The Sports Direct and House of Fraser owner said that the £2 million cap on the amount of relief a company can claim means it will have to review all its stores to find any that might no longer be viable.
A judge issued a winding up order against department store Debenhams in January, and the company’s administrators have been selling off parts of the business.
Debenhams has major sites in Preston, Blackpool and Wigan.
Online retailer Boohoo bought the brand name and its website for £55 million later that month.
However, it did not want Debenhams’ 118 shops.
Mr Ashley is reportedly trying to take over some of those stores, a move which could create jobs.
On Wednesday the Chancellor extended the holiday on business rates, a tax which all shops and pubs must pay, until the end of June. An original relief package was due to run out at the end of this month.
The Chancellor said that for the rest of the financial year after June rates would remain discounted by two thirds, up to a value of £2 million if businesses are closed.
This cap shuts out many larger businesses, including Mr Ashley’s Frasers Group, and disappointed those hoping for a wider overhaul to the tax.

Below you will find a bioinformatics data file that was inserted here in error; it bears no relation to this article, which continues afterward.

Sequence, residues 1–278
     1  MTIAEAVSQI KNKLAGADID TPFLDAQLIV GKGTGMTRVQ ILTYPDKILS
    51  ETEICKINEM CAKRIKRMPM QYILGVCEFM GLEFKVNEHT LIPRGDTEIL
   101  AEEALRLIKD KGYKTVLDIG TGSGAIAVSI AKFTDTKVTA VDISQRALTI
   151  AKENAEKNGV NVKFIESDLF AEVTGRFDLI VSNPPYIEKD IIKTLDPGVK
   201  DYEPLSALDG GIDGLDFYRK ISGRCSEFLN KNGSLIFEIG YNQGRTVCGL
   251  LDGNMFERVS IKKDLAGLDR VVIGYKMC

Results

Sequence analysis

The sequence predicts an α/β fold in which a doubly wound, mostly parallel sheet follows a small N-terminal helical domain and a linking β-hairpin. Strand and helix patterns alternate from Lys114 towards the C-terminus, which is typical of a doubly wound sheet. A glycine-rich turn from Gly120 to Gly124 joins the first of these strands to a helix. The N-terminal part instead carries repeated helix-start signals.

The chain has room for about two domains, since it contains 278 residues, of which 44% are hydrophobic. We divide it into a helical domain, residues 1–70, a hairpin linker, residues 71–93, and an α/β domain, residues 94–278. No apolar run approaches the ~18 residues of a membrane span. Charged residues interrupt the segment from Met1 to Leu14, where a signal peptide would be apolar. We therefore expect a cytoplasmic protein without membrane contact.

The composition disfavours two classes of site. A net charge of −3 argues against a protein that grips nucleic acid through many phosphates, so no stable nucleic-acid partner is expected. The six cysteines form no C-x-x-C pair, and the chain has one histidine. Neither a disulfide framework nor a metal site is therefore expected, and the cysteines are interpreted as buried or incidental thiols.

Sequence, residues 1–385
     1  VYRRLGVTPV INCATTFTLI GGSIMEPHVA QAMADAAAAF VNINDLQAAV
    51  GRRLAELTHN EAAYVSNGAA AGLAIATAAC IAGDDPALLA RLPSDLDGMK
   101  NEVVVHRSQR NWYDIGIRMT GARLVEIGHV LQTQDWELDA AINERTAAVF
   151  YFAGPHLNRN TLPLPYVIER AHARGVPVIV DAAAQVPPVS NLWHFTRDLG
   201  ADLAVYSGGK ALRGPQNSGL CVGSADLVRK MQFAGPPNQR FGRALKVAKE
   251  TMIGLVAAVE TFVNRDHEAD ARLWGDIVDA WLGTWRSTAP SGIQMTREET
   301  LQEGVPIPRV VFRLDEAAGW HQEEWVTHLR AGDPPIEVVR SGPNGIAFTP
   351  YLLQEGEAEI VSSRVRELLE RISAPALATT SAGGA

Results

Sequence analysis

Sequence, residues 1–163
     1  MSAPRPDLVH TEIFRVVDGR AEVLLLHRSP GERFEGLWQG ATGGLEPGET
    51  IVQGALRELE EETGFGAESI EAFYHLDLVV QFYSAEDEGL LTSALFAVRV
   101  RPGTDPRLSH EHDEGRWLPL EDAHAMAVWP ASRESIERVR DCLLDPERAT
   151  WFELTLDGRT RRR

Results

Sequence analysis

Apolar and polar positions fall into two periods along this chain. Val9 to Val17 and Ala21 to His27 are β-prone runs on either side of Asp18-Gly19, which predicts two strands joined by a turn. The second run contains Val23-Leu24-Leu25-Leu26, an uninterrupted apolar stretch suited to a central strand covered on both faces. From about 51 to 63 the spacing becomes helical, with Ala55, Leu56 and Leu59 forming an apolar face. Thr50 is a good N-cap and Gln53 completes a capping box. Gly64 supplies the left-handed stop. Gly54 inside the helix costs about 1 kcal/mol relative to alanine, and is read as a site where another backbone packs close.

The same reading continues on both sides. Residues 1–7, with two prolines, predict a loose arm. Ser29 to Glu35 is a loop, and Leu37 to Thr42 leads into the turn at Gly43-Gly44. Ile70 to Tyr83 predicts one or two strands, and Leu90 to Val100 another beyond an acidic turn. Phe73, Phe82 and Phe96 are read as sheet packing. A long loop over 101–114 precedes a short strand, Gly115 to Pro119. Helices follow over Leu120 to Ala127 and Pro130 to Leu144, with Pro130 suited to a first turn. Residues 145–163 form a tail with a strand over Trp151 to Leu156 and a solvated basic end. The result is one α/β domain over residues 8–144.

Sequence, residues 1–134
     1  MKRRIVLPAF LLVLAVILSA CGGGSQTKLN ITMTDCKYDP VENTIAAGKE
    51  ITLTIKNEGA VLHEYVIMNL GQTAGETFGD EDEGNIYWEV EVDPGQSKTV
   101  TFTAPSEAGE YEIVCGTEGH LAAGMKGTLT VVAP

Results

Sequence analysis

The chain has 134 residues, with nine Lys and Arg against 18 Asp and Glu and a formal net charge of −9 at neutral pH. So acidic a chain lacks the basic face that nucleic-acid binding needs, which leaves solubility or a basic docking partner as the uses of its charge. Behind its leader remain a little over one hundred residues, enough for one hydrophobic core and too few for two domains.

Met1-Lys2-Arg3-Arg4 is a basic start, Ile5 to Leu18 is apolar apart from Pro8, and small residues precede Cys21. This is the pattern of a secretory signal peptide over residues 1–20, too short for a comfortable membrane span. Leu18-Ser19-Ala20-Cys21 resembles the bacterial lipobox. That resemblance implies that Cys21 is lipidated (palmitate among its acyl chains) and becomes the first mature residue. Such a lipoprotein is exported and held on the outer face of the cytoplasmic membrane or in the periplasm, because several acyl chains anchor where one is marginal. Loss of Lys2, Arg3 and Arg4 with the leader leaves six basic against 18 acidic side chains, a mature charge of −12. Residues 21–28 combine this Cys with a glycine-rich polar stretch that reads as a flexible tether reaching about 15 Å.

“Frasers Group wishes to note its disappointment at the business rates relief announced,” the business said today (Friday).
“Whilst the retail industry as a whole has repeatedly asked for structural reform of business rates, none has been forthcoming. Frasers Group and many retailers would have expected suitable relief until structural reform is implemented.”
It added: “For Frasers Group this cap will make it nearly impossible to take on ex-Debenhams sites with the inherent jobs created. It will also mean we need to review our entire portfolio to ascertain stores that are unviable due to unrealistic business rates.
“Frasers Group believes that retailers should pay the fair amount of rates in line with realistic rateable values, but instead we continue to have an unwieldy, overly complex, and out of date business rates regime.”